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Geology 111 Exam 2 Study Guide

by: Maria Luisa Cepeda

Geology 111 Exam 2 Study Guide 111

Marketplace > University of Louisiana at Lafayette > Geology > 111 > Geology 111 Exam 2 Study Guide
Maria Luisa Cepeda
University of Louisiana at Lafayette
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These notes cover what's going to be in Exam 2 including pictures of important lecture slides and notes in easy to understand outline form.
Dr. Duex
Study Guide
Geology 111
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This 16 page Study Guide was uploaded by Maria Luisa Cepeda on Thursday March 3, 2016. The Study Guide belongs to 111 at University of Louisiana at Lafayette taught by Dr. Duex in Spring 2016. Since its upload, it has received 36 views. For similar materials see Geology in Geology at University of Louisiana at Lafayette.

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Date Created: 03/03/16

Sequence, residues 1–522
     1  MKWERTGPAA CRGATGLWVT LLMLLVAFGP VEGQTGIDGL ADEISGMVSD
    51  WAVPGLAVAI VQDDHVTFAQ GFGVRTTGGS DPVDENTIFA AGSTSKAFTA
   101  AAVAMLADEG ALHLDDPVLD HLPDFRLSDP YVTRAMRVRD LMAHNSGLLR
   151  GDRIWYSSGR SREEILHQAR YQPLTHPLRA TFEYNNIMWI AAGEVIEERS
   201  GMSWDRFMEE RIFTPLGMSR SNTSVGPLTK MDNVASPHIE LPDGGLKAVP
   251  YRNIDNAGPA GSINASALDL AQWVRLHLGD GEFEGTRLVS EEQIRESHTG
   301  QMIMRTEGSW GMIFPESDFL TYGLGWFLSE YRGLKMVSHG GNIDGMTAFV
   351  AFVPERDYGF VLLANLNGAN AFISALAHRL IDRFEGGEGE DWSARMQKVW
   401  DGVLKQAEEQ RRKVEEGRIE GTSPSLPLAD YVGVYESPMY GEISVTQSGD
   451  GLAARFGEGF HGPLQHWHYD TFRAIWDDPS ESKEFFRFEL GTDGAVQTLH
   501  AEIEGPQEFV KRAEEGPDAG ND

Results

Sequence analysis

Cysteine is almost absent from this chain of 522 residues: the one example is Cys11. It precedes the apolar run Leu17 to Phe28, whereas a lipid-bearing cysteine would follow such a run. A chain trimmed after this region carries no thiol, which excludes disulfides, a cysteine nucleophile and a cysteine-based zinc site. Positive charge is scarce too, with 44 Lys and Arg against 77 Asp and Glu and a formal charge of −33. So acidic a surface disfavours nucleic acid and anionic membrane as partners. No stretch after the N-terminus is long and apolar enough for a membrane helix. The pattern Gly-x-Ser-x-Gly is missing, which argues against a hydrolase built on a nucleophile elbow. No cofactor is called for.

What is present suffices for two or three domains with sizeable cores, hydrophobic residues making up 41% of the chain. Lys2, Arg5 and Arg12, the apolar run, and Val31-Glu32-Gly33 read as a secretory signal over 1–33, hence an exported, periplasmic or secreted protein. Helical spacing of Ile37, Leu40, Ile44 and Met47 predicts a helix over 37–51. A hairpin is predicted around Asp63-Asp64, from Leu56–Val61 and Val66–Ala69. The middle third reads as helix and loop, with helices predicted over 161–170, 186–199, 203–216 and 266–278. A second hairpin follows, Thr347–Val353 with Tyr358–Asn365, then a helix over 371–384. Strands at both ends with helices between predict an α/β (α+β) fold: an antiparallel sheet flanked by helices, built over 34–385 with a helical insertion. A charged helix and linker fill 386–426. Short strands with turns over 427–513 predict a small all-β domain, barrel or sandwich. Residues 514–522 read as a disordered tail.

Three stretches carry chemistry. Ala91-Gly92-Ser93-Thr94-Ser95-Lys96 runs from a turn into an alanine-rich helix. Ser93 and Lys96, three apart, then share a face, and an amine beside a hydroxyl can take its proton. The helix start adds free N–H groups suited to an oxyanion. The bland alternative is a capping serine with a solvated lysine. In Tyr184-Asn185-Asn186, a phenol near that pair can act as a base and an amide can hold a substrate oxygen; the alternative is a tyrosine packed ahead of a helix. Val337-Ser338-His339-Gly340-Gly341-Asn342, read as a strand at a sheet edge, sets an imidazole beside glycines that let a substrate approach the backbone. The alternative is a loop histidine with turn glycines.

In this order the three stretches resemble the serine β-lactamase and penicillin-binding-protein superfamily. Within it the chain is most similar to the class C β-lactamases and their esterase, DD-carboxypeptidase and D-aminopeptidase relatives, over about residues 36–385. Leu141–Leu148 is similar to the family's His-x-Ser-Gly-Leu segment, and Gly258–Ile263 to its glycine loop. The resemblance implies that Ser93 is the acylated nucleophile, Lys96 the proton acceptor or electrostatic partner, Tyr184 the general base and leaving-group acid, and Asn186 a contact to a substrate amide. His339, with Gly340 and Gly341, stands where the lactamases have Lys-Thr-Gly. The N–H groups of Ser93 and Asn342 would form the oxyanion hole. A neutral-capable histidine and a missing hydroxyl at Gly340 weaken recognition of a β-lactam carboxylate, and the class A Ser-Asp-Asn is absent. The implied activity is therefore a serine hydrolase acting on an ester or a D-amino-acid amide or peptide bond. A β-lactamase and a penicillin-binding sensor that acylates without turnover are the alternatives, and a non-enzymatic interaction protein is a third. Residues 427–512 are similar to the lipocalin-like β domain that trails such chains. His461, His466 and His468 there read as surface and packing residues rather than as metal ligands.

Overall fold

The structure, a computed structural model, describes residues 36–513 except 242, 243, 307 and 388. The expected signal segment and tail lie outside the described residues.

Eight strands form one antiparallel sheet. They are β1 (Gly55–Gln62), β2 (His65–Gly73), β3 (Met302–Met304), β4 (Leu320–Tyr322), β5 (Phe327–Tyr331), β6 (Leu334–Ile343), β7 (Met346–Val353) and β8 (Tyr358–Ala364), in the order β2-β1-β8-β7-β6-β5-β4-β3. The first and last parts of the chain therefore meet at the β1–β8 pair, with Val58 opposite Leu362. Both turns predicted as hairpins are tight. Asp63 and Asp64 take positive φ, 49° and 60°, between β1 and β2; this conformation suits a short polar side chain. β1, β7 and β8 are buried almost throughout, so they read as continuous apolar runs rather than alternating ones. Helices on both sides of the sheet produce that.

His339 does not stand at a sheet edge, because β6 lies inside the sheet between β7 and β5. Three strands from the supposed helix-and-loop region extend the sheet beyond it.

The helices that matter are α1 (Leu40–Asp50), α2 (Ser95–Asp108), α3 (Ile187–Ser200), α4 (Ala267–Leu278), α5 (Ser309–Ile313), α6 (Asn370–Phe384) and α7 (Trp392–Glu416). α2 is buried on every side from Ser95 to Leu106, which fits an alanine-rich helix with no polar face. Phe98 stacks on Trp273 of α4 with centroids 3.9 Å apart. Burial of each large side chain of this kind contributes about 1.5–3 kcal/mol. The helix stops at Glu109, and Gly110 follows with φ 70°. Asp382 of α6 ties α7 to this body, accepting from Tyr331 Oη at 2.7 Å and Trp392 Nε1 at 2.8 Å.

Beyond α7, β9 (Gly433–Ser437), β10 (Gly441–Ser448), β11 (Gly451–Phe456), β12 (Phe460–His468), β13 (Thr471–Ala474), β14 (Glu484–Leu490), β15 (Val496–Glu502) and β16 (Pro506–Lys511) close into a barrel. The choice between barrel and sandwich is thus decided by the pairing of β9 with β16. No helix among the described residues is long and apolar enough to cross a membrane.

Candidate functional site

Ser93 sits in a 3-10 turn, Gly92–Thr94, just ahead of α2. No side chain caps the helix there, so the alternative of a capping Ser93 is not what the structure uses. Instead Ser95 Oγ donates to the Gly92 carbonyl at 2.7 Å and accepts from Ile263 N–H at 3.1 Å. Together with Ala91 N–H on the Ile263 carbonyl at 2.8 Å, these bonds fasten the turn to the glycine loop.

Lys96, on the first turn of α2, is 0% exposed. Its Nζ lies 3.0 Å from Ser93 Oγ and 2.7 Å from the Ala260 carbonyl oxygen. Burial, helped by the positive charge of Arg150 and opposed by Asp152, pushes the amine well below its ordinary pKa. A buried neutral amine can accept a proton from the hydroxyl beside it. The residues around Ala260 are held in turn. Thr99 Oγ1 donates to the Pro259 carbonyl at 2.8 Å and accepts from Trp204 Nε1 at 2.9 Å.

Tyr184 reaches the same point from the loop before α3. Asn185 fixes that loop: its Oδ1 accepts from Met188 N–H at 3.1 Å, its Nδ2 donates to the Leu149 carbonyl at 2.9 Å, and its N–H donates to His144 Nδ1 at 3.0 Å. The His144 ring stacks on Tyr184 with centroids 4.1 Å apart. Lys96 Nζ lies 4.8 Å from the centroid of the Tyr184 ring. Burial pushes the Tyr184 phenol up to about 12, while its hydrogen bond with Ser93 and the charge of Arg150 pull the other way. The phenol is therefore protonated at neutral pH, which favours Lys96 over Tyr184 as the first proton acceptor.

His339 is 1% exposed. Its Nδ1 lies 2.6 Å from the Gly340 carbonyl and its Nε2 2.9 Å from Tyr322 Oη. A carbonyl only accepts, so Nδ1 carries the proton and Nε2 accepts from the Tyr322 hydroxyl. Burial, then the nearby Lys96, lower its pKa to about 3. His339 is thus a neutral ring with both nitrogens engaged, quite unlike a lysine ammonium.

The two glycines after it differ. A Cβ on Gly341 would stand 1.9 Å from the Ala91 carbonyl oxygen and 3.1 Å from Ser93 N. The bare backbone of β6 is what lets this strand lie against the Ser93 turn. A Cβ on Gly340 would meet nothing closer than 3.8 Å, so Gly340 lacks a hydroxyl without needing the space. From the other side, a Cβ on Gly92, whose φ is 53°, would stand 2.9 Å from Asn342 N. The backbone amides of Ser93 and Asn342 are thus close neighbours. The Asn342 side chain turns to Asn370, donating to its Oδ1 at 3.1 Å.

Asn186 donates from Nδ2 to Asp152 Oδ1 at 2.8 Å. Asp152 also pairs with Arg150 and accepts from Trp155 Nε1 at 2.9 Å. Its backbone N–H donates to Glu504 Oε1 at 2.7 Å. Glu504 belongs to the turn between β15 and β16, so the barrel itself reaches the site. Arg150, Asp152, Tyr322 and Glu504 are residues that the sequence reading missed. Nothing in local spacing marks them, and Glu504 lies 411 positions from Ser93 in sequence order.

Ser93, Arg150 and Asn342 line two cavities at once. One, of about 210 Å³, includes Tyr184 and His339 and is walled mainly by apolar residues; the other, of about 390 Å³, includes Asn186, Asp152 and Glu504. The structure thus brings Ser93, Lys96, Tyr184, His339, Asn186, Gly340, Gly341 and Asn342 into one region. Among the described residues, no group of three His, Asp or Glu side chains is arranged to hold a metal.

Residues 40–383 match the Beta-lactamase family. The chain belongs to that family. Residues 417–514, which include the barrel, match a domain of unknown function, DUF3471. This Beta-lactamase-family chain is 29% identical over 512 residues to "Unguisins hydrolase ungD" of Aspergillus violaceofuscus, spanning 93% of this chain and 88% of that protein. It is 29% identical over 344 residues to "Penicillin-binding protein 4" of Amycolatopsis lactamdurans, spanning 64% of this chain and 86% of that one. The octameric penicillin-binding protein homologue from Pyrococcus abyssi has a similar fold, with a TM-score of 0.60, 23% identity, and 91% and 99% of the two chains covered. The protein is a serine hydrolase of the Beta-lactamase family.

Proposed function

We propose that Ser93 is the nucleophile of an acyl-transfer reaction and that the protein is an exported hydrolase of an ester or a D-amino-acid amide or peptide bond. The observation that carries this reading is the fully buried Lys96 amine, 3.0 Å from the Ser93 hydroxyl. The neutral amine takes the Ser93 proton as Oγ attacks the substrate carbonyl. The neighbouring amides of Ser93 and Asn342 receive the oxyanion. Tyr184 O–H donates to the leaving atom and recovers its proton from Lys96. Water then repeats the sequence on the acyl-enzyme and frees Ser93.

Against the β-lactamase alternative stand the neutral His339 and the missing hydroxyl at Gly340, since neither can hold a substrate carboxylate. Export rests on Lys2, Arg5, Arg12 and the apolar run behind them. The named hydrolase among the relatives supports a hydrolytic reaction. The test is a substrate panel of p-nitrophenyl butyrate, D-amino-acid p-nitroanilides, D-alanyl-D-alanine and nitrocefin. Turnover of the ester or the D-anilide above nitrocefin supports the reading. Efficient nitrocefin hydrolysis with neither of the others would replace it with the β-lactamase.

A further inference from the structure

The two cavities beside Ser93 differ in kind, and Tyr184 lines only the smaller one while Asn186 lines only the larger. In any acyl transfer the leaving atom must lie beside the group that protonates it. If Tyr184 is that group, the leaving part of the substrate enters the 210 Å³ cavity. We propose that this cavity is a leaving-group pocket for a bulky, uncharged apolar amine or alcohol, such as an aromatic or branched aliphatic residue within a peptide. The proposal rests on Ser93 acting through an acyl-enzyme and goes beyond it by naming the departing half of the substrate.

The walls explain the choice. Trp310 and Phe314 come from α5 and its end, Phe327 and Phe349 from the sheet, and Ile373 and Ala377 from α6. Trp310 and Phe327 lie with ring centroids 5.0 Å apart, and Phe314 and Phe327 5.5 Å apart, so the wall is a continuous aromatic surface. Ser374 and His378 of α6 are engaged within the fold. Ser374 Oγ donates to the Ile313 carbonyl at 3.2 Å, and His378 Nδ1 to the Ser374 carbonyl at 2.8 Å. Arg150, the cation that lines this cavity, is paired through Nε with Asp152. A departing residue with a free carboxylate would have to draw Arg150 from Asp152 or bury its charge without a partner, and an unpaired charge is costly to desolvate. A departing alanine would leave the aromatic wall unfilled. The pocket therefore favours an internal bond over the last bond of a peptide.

Geology  111  Exam  2  Study  Guide     Ø Volcanoes     o Volcano-­‐  landform  created  by  eruption  of  lava     o Most  volcanoes  are  found  along  convergent  margins                                     Ø Sediment:  loose  material  that  accumulate  on  the  Earth’s  surface  including   rock  fragments,  mineral  grains  weathered  from  rocks,  animal  shells,  crystals   that  have  precipitated  from  water.   o Sedimentsàphysical  +  chemical  products  of  weathering   o Types  of  sediment:     § Detrital  Sediment:  fragments  of  preexisting  material  of   sedimentary,  metamorphic  and  igneous  rocks.   § Chemical  Sediment  (inorganic):  precipitants  from  dissolved   minerals  àex:  carbonates,  halite   § Biochemical  Sediment  (organic):  plants  and  animal  shells  or   skeletons       Ø Sedimentary  Rocks:  form  when  loose  particles  of  sediment  are  compacted,   cemented  or  lithified  (hardened  to  a  solid  mass)   o Thin  layer,  barely  5%  of  the  Earth’s  crust   o 75%  of  exposed  rocks  on  Earth   o Economically  important   o Layers  of  sed  rocks  tell  us  about  Earth’s  history  and  past   environments  and  ecosystems  (environment  of  formation)   o  Most  are  created  by  weathering  of  the  continental  crust.     o Some  are  remains  of  organisms’  mineral  shells         How  do  Sedimentary  Rocks  Form?   o By  surface  processes  of  the  rock  cycle     § These  processes  move  materials  from  source  area  (where  sed   particles  are  created)  to  a  sink  area  (where  they  are  deposited   in  layers)     1. Weathering  -­‐  breaks  down  rocks  physically  and  chemically     2. Erosion-­‐  carries  away  particles  of  rock  produced  by  weathering  and  moves   them  away  from  source  area.  Occurs  mostly  when  rainwater  runs  downhill.     3. Transportation-­‐  sediment  particles  are  moved  to  sink  areas.  Occurs  when   water,  wind,  or  the  moving  of  ice  glaciers  transport  particles  to  new  places.     § Most  sediments  are  transported  by  currents  of  air  or  water   § The  faster  the  current,  the  larger  the  particles  it  can  transport   § Air  currentsàmove  sediments  in  smaller  quantities  than  rivers   or  ocean  currents.     § Particles  become  more  rounded  and  slightly  smaller  as  they  are   transported.   -­‐ Strong  currentsàcarry  gravel  which  includes  boulders,  cobbles,  and   pebbles   -­‐ Moderate  Strong  currentsàlay  down  sand  beds   -­‐ Weak  Currentsàcarry  muds  composed  of  finest  clastic  particles  (silt  and   clay)       4. Deposition  (or  sedimentation):occurs  when  transportation  stops,  sediment   accumulates,  particles  settle  out  or  dissolved  minerals  precipitate.       5. Burial:  occurs  as  layers  of  sediment   accumulate  and  compact  previous  layers     6. Diagenesis  or  Lithification  –refers  to   physical  and  chemical  changes  caused  by   pressure,  heat  and  chem  reactions.   Sediments  that  are  buried  within   sedimentary  basins  are  lithifiedàor   converted  into  sed.  Rock.       Groups  of  Sedimentary  Rocks     v How  are  Sedimentary  Rocks  classified?     àSedimentary  rocks  are  classified  based  on  their  composition  (abundance   and  kinds  of  grains)  and  texture  (weathering,  transportation,  deposition   contributed  t  forming  texture)         o Detrital  (clastic)  Sedimentary  Rocks:       àRock  composed  of  loose  sediment  of  older  rocks,  fragments  and  mineral  grains   (siliclastic:  quartz,  feldspar,  clay)  that  were  eroded  (removed)  and  transported   over  great  distances  away  from  the  source  location.  These  materials  accumulate   in  layers.       àcan  have  sizes  from  >fist  size  to  barely  visible.     àDetrital  sediment  does  NOT  form  in  situ,  because  it  is  transported  away  from   its  source.       àCreated  by  physical  weathering.         àClassified  according  to  particle  size  and  shape.   o  3  major  types:  each  one  shows  the  strength  of  the  current  that   transported  sediments.             **key:  (sedimentàsedimentary  rock)   • Coarse-­‐grained  siliclastic  sed  rock:  gravel  (coarsest   sediment)  and  conglomerate  (lithified  equivalent  of   gravel)   • Medium-­‐grained:  sand  à  sandstone   • Fine-­‐grained:   o  siltàsiltstone    siliclastic  material  containing  water,   like  mudstone  but  grains  are  barely  visible   o mudà  mudstone  show  poor  or  no  bedding   o  silt  +  clayàshale  breaks  along  bedding  planes   o clays(most  abundant  fine-­‐grained  sediment   àclaystones                                         **Chemical  &  Biochemical  Sed  Rocks**   ü Classified  according  to  chem.  Composition   ü Chemical  +  biochemical  sediment  is  usually  not  transported  so  it  is   deposited  in  situ  (where  it  forms)         o Chemical  Sediments  and  Sed.  Rocks  (evaporites):  chemical   residues  and  mineral  crystals  (inorganic)  that  precipitated  from   aqueous  solutions.       o Biochemical  Sediment  and  Rocks  (Carbonates):  whole  and  broken   parts  of  organisms  (organic),  such  as  shells  and  plant  fragments.                 Sedimentary  Structures:  include  features  formed  at  time  of  deposition   àSed  rocks  are  characterized  by  bedding  or  stratification  (diff  layers  of   sediment  deposited  on  top  of  one  another)         o Cross-­‐bedding:  beds  (layers  of  sediment)  deposited  by  wind  or   water.  Well  sorted,  well  grounded  grains.     §  Wind-­‐changes  direction  ////                                                                                                                                                         \\\\     § Water-­‐  constant  direction  ////    ////     o Graded  bedding:  most  abundant  in  continental  slope  and  deep-­‐sea   sediments  deposited  by  dense  muddy  currents.       o Ripples:small  ridges  of  sand  or  silt.  Form  in  environment  where  wind   or  water  travels  in  one  direction  for  some  time.         o Turbidites     § Piles  of  sediment  accumulate  on  continental  self   § Triggered  by  earthquakeàsediment  becomes  unstable  so  it   flows  down  continental  slope  as  turbidity  current   § On  ocean  floor  the  current  slows,  forms  graded  beds.     o Mudcracks   § Polygonal  patterns  of  cracks  that  develop  in  mud  as  it  dries.             Ø Economic  importance  of  sed.  Rocks   o Construction   § Sand  &  gravel   § Clay-­‐bricks,  ceramics   § Limestone-­‐cement   o Evaporites   § Salt,  chemicals,  gypsum,  KCl   o Fertilizers   § PO4   § Iron     o Energy  Sources   § Uranium   § Coal   § “Oil”àPetroleum  &  Natural  Gas   § Oil  Shale,  Tar  Sands     Ø Requirements  for  Oil  “pool”     o Source  Rock:  shale  (sed  rock  that  forms  from  consolidated  clay,  can   be  split  into  fragible  flat  pieces)  w/  organic  matter   o Reservoir  Rock:  Sandstone  or  Limestone  w/  porosity   o A  trap  so  the  oil  can  accumulate,  can  be  stratigraphic  or  structural-­‐ fold/fault.   o Proper  Timing:  organic  matter  needs  to  “mature”  into  oil  (via   Pressure,  Temperature,  time)  to  migrate  into  reservoir  rock  and   become  trapped  in  the  right  feature  at  the  right  time.       àIn  short,  we  need   1. Production:  source  rock   2. Maturation:  makes  “oil”   3. Migration:  reservoir  rock   4. Preservation:  trapping   5. Proper  Timing     Ø Facies:  The  total  rock,  mineral,  and  fossil  features  that  tell  something   about  the  environment  of  formation  or  deposition.       § Sand  faciesà  nearshore,  high  energy,  coarse  material  left   § Mud  faciesàoffshore,  lower  energy,  finer  grained  sediment  (shale)   § Ree  faciesà  skeletal  remains  (CO3,  coral,  algaea)  in  a  reef,  warm,   clear  water  (limestone)                     Ø                    Sandstone,  Shale,  then  Limestoneà  TYPICAL  TRANSGRESSIVE  SEQUENCE     § Indicates  water  gets  progressively  deeper         Ø Metamorphic  Rocks:  rocks  that  have  undergone  changes  in  texture   and/or  composition  in  the  solid  state.     § Every  metamorphic  rock  has  a  parent  rockàthe  rock  that  was   metamorphosed.  Parent  rocks  can  be  any  of  the  3  rock  types  (igneous,   sedimentary  or  even  metamorphic  since  it  can  be  metamorphosed   again)   § Metamorphism:  the  solid-­‐state  change  (  in  mineralogy  or  physical   texture)  of  a  pre-­‐existing  rock  due  to  changes  in  its  environment   caused  by  intense  heat,  intense  pressure,  or  fluid  activity.     § Exposed  metamorphic  rocks  make  up  large  parts  of  continents                                               Ø How  are  Metamorphic  Rocks  Named?   § 1  observable  feature:  foliated  vs.  non-­‐foliated     • Foliation:  rock  cleavage:  the  tendency  for  a  rock  to  break  along   smooth  planar  surfaces  due  to  alignment  of  flat  minerals     § Foliated  rocks:  parallel  layers  of  platy(flat)  minerals  such  as  micas.   The  foliations  form  w/  directed  pressure  causing  mineral  crystals  to   slide  parallel  to  one  another.       àuse  grain  size  first  w/  distinctions  based  on  composition     ♦ Grain  size  increases  from  fine  to  coarse:  slate  (very  fine   grained),  phyllite,  schist  (Coarse  grained),  gneiss  (coarse   grained  w/muscovite  and  biotite),  with  mineral  or  rock   modifiers     • Non-­‐foliated  rocks:  have  no  layering,  have  following  textures:   crystalline,  sandy,  glassy)     ànamed  mainly  on  the  basis  of  composition   ♦ Calcite=marble   ♦ Quartz=  quartzite     ♦ Clay=  hornfels   ♦ Green  minerals=  greenstone       Ø Agents  of  Metamorphism     § Confining  Pressureàapplied  equally  in  all  directions   • Increases  with  depth  below  Earth’s  surface   • Rocks  become  more  dense  as  pore  space  is  squeezed,  may  remain   nonfoliated     § Directed  Pressure  (differential  stress)à  pressure  that  isn’t  equal   in  all  directions   • Causes  rock  to  get  foliated     § Temperature     • Increasing  temp  with  depth   • Radioactive  decay   • Deformation   • Migrating  magmas       § Fluidsà  enhance  metamorphism  by  increasing  rate  of  chemical   reactions   • Fluid  Source   ♦ Water  trapped  in  pore  space  of  sed.  Rocks   ♦ Magmatic  fluids     Ø Types  of  Metamorphism  &  Ways  of  Describing  it:     § Regional   • Results  from  variable  temperature  and  pressure  generated  by   processes  at  convergent  plate  boundaries   • There  is  directed  pressure  (differential  stress)  and  high  temp  that   causes  foliation  of  the  rocks   • Index  Minerals:  form  at  different  Pressure,  Temp  conditions.  It   indicates  a  grade  of  metamorphism.   ♦ Ex:  polymorphs  of  AlSiO5  same  composition,  3  different   structures       • Metamorphic  zonesà  characterized  by  distinctive  mineral   assemblages                   § Contact   • Produced  at  or  near  an  igneous  body;  high  Temp  and  Fluids  alter   the  surrounding  rock     § Burialàmost  common  type  of  metamorphism  as  rocks  form  and  get   buried.       • Confining  pressure  causes  it.     • Changes  in  rocks  due  to  accumulation  of  thick  piles  of  sed.  Rocks.         § Shock  (impact)   • Associated  w/  impact  of  extraterrestrial  bodies  (High  Pressure  &   Temp;  short  time)   Ø                                                                                                                 v Geological  Time:       Ø The  Geologic  Timescale   *You  need  to  know  the  4  major  divisions/Eons  and  their  ages  and  eras  in   the  3  Eras  in  the  youngest  Eon     § Divisions  (from  longest  to  shortest)  Eons,  Eras,  Periods,  Epochs     • Eons:    4  major  divisions   ♦ Hadean  4.6-­‐4.0  Ga   ♦  Archean  4.0-­‐2.5  Ga   ♦  Proterozoic    2.5-­‐0.543  Ga   ♦ Phanerozoic  543  Ma-­‐  now   Ø Eras:  Cenozoic,  Mesozoic  and  Paleozoic       Ø Modern  Dating  of  Rocks         § Absolute  Dating:  uses  radiometric  or  other  finite  methods  of  dating.   Produces  ages  in  numbers               • Determine  age  of  sample   ♦ 1.  Measure  parent  and  daughter  isotopes   ♦ 2.  Calculate  number  of  half-­‐lives  elapsed   ♦ 3.  Multiply  #  half-­‐lives  by  half-­‐life  value  of  isotope  pair                 § Relative  Dating:  uses  physical  characteristics,  positions,  and  field   relations  of  rocks  to  determine  age.  Places  events  in  chronological   sequence       • Principles  of  Relative  Dating:     ♦ Original  Horizontality:   sediments  and  extrusive  igneous   rocks  are  deposited  in  horizontal   beds     ♦ Superposition:  younger  rocks  are  on  top  of  older  rocks     ♦ Faunal  Succession:       Ø organisms  have  changed  over  time  and  the  order  is   preserved  in  fossil  record.  Age  of  a  rock  layer  can  be   determined  by  its  fossil  content.       ♦ Cross-­‐cutting  Relations:     Ø A  rock  or  feature  is  younger  than  any  rock  or  feature  that  it   cuts  ex:  faults  or  dikes  are  younger  than  the  rocks  that  they   cut       ♦ Inclusions:  a  rock  is  younger  than  any  rock  it  includes  or   encloses.  Ex:  a  sandstone  is  younger  than  the  fragments  of   granite  that  are  mixed  in  with  the  sand.       ♦ Unconformities     Ø Disconformity:  gap  in  the  rock  record  between  2  parallel   layers  of  sed.  Rock.  Very  irregular  surfaces           Ø Angular  unconformity:  boundary  between  tilted  sed  rocks   and  horizontal  overlying  rocks.           Ø Nonconformity:  boundary  between   igneous  and/or  metamorphic  rocks   and  overlying  sediments         Ø Geologic  Ages     § Age  of  the  Earthà4.6  billion  years   § Age  of  oldest  rocks  on  Earthà3.96  billion  years   § Age  of  oldest  fossil  on  Earth  à3.77  billion  years  (in  Australia)     Ø Paleontology:  the  study  of  life  in  the  past  based  on  the  fossils  of  plants   and  animals   § Fossils  that  are  preserved  in  sed  rocks  are  used  to  determine  relative   age  +  environment  of  deposition